“Vasil Aprilov”
Primary school
Burgas
Rositsa Stoyanova
class 7b 
India
Area
•
The geography of India describes the
physical features of India, a country in
South Asia that lies entirely on the
Indian Plate in the northern portion of
the Indo-Australian Plate. The country
lies to the north of the equator
between 8°4' and 37°6' north latitude
and 68°7' and 97°25' east longitude.It
is the seventh-largest country in the
world, with a total land area of
3,287,263 square kilometres
(1,269,219 sq mi).India measures
3,214 km (1,997 mi) from north to
south and 2,993 km (1,860 mi) from
east to west. It has a land frontier of
15,200 km (9,445 mi) and a coastline
of 7,517 km (4,671 mi).
Population
• Population of India .
Although India occupies
only 2.4% of the
world's land area, it
supports over 15% of
the world's population.
Only China has a larger
population. Almost 40%
of Indians are younger
than 15 years of age.
Flag
•
•
•
The National Flag of India is a horizontal rectangular tricolour of
saffron, white and green with the Ashoka Chakra, a 24-spoke wheel in
blue at its centre. It was adopted in its present form during a meeting
of the Constituent Assembly held on 22 July 1947, when it became the
official flag of the Dominion of India. The flag was subsequently
retained as that of the Republic of India. In India, the term
"tricolour“ almost always refers to the Indian national flag. The flag is
based on the Swaraj flag, a flag of the Indian National Congress
designed by Pingali Venkayya.
The flag, by law, is to be made of khadi, a special type of hand-spun
cloth of cotton or silk made popular by Mahatma Gandhi. The
manufacturing process and specifications for the flag are laid out by
the Bureau of Indian Standards. The right to manufacture the flag is
held by the Khadi Development and Village Industries Commission, who
allocate it to the regional groups. As of 2009, the Karnataka Khadi
Gramodyoga Samyukta Sangha was the sole manufacturer of the flag.
Usage of the flag is governed by the Flag Code of India and other laws
relating to the national emblems. The original code prohibited use of
the flag by private citizens except on national days such as the
Independence day and the Republic Day. In 2002, on hearing an appeal
from a private citizen, the Supreme Court of India directed the
Government of India to amend the code to allow flag usage by private
citizens. Subsequently, the Union Cabinet Of India amended the code
to allow limited usage. The code was amended once more in 2005 to
allow some additional use including adaptations on certain forms of
clothing. The flag code also governs the protocol of flying the flag and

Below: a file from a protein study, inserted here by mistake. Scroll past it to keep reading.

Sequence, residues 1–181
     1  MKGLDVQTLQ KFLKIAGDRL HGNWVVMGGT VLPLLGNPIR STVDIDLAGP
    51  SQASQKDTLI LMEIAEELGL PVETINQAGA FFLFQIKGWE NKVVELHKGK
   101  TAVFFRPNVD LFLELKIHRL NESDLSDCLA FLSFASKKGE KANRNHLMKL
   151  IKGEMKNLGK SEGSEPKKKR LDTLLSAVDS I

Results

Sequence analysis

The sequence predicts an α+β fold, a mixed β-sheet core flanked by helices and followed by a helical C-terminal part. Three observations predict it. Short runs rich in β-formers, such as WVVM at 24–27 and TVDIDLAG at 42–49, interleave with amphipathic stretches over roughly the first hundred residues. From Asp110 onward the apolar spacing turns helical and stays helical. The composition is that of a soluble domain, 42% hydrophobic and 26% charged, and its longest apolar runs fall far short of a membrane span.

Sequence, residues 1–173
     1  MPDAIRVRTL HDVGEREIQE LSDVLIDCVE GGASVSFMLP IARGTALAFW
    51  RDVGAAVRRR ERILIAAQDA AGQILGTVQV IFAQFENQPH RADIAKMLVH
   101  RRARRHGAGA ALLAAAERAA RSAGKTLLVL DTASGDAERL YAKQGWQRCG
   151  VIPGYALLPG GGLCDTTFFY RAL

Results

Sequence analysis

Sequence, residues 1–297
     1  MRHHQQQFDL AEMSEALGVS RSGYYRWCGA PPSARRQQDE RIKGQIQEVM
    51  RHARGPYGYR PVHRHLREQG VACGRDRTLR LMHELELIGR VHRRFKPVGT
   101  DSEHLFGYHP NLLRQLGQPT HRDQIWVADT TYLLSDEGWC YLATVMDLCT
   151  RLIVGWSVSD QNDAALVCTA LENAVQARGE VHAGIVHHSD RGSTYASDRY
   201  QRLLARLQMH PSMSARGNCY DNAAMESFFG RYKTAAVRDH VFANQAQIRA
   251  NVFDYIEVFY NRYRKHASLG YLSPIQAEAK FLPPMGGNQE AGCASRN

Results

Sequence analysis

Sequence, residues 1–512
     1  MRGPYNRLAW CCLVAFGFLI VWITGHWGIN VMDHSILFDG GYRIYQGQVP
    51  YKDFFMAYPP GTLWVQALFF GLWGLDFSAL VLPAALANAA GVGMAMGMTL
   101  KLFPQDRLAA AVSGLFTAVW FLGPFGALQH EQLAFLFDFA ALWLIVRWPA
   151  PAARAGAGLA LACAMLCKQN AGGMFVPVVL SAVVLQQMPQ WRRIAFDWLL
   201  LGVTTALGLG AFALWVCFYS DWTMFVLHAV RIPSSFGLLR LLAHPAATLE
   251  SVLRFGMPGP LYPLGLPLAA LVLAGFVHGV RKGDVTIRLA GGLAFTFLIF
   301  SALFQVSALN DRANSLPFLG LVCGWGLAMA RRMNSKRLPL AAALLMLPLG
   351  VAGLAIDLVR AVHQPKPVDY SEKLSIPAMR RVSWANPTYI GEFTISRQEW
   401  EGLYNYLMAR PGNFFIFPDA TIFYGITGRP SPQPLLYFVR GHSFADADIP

its use in conjunction with other national and non-national flags.
History
•
•
The history of India begins with evidence of human activity of
Homo sapiens as long as 75,000 years ago and hominids (Homo
Erectus) from about 500,000 years ago. The Indus Valley
Civilization, which spread and flourished in the north-western
part of the Indian subcontinent from c. 3300 to 1300 BCE, was
the first major civilization in India. A sophisticated and
technologically advanced urban culture developed in the Mature
Harappan period, from 2600 to 1900 BCE. This Bronze Age
civilization collapsed at the beginning of the second millennium
BCE and was followed by the Iron Age Vedic Civilization, which
extended over much of the Indo-Gangetic plains and which
witnessed the rise of major polities known as the Mahajanapadas.
In one kingdom, Magadha, Mahavira and Gautama Buddha were
born in the 6th or 5th century BCE, who propagated their
Shramanic philosophies.
Almost all of the subcontinent was conquered by the Maurya
Empire during the 4th and 3rd centuries BCE. It subsequently
became fragmented, with various parts ruled by numerous Middle
kingdoms for the next 1,500 years. This is known as the classical
period of India, during which India is estimated to have had the
largest economy of the ancient and medieval world, controlling
between one third and one fourth of the world's wealth up to the
18th century.
•
•
Much of Northern and Central India was once again united in the 4th
century CE, and remained so for two centuries thereafter, under the Gupta
Empire. This period, of Hindu religious and intellectual resurgence, is known
among its admirers as the "Golden Age of India." During the same time, and
for several centuries afterwards, Southern India, under the rule of the
Chalukyas, Cholas, Pallavas and Pandyas, experienced its own golden age.
During this period aspects of Indian civilization, administration, culture,
and religion spread to much of Asia.